Confessions of a reforming workaholic

Andy Fryar January 1, 2004 2
Confessions of a reforming workaholic


By Guest Hot Topic author, Martin J Cowling


How often have you:
– Continued to check your e-mail well into your holidays?
– Taken work calls on the weekend?
– Attended meetings, conferences and seminars in your “free” time?
– Spent a Sunday writing the board report?
– Roped your family into assembling the quarterly volunteer mail out?

I for one, am guilty of all of these charges!

A clergy friend of mine was reflecting on the death bed confessions he has heard over the years. He remarked that no one has ever said “Oh my God, I wish I had spent more time at work” – in every case, if given a second chance, people would choose to invest more time with family and friends and less at work.

As working hours in Australia continue to climb – and we keep filling our ‘spare’ time with more and more activities, there has been a considerable discussion emerge about ‘work / life balance’.

Questions about the role of family, the increased use of child-care facilities and household pressures have begun to gain increasing media attention. For example, Qantas recently screened a series of advertisements tapping into that consciousness, by extolling the virtues of spending more quality time at home through their service frequency and business club facilities.

What is it about our work that can engage us so completely and fully to the exclusion of other activities?

For those of us who work for not for profit organisations with committed volunteers, inspiring missions, and wide-ranging opportunities, the entanglement of work can become very strong. Couple this positive aspect of our employment with the changes of the last decade in our sector -not for profits have become more accountable, more transparent and more competitive. Our policy manuals have evolved from scraps of paper on noticeboards to thick manuals that require us to engage in regular rounds of training. Even the end of year summer BBQ for volunteers requires a food-handling course before we can touch a single sausage!

The battle to secure the resources our organisations need to meet client focused outcomes in an era of declining government subsidy, increased expectations and higher client demand have raised the pressure bar to even greater heights. In many organisations the expectation that we will deliver 120% effort through periods of extreme effort, seems to be a year round feature of operating.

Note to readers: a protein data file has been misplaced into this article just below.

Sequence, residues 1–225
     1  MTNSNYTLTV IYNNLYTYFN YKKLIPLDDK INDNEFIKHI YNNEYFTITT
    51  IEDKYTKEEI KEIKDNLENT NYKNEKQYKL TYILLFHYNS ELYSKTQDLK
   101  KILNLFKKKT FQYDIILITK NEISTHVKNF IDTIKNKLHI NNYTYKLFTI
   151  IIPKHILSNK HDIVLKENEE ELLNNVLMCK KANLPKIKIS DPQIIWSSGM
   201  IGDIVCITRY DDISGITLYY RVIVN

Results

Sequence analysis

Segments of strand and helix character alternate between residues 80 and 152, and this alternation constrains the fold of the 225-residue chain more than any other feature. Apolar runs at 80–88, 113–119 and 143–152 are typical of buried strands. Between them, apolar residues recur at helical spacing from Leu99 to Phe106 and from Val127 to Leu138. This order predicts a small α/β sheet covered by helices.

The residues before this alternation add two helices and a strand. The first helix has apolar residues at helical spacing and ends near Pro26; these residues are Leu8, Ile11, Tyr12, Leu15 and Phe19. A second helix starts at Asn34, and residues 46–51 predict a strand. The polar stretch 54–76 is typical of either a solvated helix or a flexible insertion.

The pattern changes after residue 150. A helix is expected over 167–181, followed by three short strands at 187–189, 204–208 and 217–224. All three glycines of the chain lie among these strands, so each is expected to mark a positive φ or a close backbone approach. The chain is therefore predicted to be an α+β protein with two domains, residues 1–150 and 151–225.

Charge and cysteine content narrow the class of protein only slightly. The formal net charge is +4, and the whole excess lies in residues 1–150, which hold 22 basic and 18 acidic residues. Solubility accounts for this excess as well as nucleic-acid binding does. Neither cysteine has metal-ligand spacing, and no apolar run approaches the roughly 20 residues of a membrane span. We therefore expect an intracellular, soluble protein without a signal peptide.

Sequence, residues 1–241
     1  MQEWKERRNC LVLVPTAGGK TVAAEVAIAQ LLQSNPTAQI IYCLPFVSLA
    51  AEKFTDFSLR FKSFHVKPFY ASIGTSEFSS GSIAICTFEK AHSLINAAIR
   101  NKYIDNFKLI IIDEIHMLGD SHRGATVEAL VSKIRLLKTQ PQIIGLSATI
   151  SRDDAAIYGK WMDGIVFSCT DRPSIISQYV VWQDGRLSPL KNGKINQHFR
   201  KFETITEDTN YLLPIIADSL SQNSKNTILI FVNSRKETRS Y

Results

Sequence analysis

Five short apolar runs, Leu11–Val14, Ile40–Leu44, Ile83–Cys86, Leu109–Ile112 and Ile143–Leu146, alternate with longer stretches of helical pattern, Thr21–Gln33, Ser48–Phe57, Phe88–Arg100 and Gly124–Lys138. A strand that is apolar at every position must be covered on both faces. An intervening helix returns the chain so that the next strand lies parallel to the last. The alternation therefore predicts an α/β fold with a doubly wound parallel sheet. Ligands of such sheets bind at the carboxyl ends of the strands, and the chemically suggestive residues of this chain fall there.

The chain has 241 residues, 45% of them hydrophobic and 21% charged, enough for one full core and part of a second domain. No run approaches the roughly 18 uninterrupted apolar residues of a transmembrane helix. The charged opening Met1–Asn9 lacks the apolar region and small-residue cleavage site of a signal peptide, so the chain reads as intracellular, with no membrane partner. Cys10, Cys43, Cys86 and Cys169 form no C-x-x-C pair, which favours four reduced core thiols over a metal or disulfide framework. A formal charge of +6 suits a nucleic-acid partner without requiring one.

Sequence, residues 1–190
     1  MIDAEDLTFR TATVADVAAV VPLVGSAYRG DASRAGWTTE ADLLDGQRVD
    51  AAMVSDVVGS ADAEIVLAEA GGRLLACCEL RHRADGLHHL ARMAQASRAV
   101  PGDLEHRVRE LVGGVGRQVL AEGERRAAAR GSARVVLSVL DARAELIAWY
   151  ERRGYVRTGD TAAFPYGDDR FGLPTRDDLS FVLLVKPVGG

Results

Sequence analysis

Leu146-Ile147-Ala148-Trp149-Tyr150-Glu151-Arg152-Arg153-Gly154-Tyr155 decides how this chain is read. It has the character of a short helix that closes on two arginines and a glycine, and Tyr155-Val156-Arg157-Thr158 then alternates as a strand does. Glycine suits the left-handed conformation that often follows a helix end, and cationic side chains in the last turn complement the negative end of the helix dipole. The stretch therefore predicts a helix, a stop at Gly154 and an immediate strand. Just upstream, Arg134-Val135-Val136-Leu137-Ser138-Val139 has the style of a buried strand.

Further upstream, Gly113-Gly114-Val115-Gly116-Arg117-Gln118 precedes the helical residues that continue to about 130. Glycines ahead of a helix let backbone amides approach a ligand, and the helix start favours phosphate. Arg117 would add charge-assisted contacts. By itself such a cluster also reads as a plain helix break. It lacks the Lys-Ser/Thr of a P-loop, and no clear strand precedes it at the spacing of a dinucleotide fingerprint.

Into this pressure mix, we can add the rapid transformation of our workplaces with pervasive technologies such as the mobile phone, 24-hour email, personal voice mail, instant messaging, fax machines, photocopiers and word processing. These new innovations have broken down the barrier between the work place and our home space, causing us to feel that we should all be even more available to our fellow workers employers and clients!

When I first started work (less than two decades ago!) , my business card simply had an address and the organisation’s main phone number. Today in addition to these, my card now also lists details for a direct phone contact, my mobile number, a fax number and my email address! Fifteen years ago, when I communicated a business agreement, it was carefully worded in a concise letter which I wouldn’t expect a reply to for a week. Now someone is sms-ing me if I haven’t replied to their email in 6 hours!

While most of us can easily identify the impact that the changing nature of work has had on us, it is the complexity of our private schedules that is mind boggling! Every aspect of our private lives seems to have been impacted by the dominant consumerism of our world; the level of variety and choice available for ourselves, our spouses, our children and even our pets is becoming overwhelming! The range of new products launched annually is exponentially greater than those launched in our parent’s generation.

The challenge therefore facing each of us, is how we build fulfilling lives at a point in time when work pressure and the plethora of choices around our private lives seem to demand more and more of our time.

  • How do we      balance our time at work with that at home and other activities?
  • What does it      take to demonstrate responsibility to ourselves and our families whilst      being recognised as effective efficient professionals?
  • How do we find      time to volunteer ourself when we are so stretched?
  • How do we offer      satisfying volunteer programs for individuals who are either fully engaged      in this same ‘rat race’ or for those who are completely or partially      disengaged from it?

My own learning is centred around five key actions that I seek to live out and implement.

Firstly, I do a regular (at least annual) inventory of my professional and personal life. At that time I revisit my history, goals and annual achievements while asking:
– What are the key things that I want to accomplish in life outside my employment?
– What is it I am seeking to achieve at work and how will I get there?